Labor defence spokesman Joel Fitzgibbon said cosmetic surgery on the public purse showed a government out of touch with community values.
"On the face of it, taxpayer-funded breast enhancement is a questionable practice," Fitzgibbon said.
ADF spokesman Brigadier Andrew Nikolic defended the spending, saying that cosmetic surgery was allowed for psychological reasons.
"The suggestion that taxpayers are funding breast operations for defence personnel to look sexy is not only wrong but insulting to the dedicated people who serve in our defence force," Nikolic said.
The ADF admission followed a revelation earlier this year by leading cosmetic surgeon Pamela Noon that soldiers were coming in for taxpayer-funded operations at the rate of one a month.
"A couple of girls were in having breast augmentation, I've had a face-lift, a couple of nose jobs and I think one breast reduction and one tummy tuck," Noon said.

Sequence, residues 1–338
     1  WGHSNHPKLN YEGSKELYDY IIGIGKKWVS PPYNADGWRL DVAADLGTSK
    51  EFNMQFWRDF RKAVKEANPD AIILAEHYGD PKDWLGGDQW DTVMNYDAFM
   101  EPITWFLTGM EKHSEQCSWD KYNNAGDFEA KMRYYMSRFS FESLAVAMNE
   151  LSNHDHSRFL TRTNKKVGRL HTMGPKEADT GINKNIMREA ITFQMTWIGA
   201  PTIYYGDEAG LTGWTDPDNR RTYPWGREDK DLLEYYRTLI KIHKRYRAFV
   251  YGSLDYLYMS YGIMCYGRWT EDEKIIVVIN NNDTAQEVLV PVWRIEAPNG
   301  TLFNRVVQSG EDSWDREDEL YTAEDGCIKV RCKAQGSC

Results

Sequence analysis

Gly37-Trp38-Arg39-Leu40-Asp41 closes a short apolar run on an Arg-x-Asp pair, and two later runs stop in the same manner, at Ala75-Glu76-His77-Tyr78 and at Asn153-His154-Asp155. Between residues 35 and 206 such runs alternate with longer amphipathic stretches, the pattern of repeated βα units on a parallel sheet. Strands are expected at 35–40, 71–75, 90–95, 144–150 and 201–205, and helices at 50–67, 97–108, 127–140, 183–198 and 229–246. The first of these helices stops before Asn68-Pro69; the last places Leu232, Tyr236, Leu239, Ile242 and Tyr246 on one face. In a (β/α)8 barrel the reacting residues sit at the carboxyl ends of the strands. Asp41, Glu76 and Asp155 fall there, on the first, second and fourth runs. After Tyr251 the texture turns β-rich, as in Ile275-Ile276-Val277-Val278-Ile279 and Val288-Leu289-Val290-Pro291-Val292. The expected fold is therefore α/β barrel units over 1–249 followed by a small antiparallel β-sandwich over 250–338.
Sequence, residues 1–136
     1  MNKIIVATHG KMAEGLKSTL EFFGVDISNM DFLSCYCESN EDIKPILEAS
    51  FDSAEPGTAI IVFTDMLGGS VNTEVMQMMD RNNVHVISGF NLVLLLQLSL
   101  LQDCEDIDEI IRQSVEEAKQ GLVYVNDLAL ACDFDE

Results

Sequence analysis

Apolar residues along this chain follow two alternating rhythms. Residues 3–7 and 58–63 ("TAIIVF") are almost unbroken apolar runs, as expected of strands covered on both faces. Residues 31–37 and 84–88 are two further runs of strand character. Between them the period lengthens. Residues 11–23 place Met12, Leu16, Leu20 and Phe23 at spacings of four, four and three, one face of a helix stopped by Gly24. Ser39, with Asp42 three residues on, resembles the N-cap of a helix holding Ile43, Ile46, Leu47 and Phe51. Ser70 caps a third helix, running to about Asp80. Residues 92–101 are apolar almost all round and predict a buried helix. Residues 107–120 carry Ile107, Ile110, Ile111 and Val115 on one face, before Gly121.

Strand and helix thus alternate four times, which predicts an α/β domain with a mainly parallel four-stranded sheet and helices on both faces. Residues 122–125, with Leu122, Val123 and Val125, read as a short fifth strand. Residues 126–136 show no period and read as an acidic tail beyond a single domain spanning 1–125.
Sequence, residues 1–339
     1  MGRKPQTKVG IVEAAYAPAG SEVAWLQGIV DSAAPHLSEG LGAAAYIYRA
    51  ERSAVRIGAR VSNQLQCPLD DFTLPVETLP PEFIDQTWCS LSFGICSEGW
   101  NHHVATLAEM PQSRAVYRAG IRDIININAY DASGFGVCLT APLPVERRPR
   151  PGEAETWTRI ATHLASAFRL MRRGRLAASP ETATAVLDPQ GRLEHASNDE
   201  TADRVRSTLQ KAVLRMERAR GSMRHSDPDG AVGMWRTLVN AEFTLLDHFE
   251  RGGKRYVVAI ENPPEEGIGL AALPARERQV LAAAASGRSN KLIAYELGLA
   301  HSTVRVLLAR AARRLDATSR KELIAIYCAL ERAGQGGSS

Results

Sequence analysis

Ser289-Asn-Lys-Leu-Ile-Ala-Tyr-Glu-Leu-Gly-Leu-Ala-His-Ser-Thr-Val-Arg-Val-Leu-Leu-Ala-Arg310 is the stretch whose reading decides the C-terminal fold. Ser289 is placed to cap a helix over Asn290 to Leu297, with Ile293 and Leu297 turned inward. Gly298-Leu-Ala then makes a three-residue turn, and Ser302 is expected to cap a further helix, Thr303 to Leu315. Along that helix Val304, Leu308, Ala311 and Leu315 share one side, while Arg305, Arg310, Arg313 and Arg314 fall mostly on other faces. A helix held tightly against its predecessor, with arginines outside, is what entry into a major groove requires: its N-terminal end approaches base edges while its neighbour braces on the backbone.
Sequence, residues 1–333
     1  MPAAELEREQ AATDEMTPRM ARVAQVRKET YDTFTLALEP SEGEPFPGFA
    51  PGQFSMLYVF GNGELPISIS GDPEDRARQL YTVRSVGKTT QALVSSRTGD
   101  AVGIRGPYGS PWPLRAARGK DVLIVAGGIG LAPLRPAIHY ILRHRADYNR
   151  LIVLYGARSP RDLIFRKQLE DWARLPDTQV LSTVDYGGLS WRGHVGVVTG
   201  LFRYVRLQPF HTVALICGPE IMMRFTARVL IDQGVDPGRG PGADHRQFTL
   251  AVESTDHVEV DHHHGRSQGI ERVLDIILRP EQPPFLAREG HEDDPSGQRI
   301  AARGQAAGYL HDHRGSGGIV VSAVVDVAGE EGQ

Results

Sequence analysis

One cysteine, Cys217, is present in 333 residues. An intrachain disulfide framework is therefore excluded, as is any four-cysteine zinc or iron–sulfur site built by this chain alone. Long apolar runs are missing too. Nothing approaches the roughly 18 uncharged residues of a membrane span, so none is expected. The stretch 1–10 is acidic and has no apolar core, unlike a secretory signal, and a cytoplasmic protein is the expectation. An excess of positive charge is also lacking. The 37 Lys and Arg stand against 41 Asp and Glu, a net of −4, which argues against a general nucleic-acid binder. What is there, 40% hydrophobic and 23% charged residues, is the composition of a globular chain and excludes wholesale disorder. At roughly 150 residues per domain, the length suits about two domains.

Despite earning her living from cosmetic surgery for the past 25 years, Noon said she was unhappy that the taxpayer was paying for boob jobs.
"Certainly it makes people feel better about themselves, and we all work on the concept that if we feel good about ourselves we perform better in every way, (but) I can't see how that would help our Defence Force, how that would help them defend our country."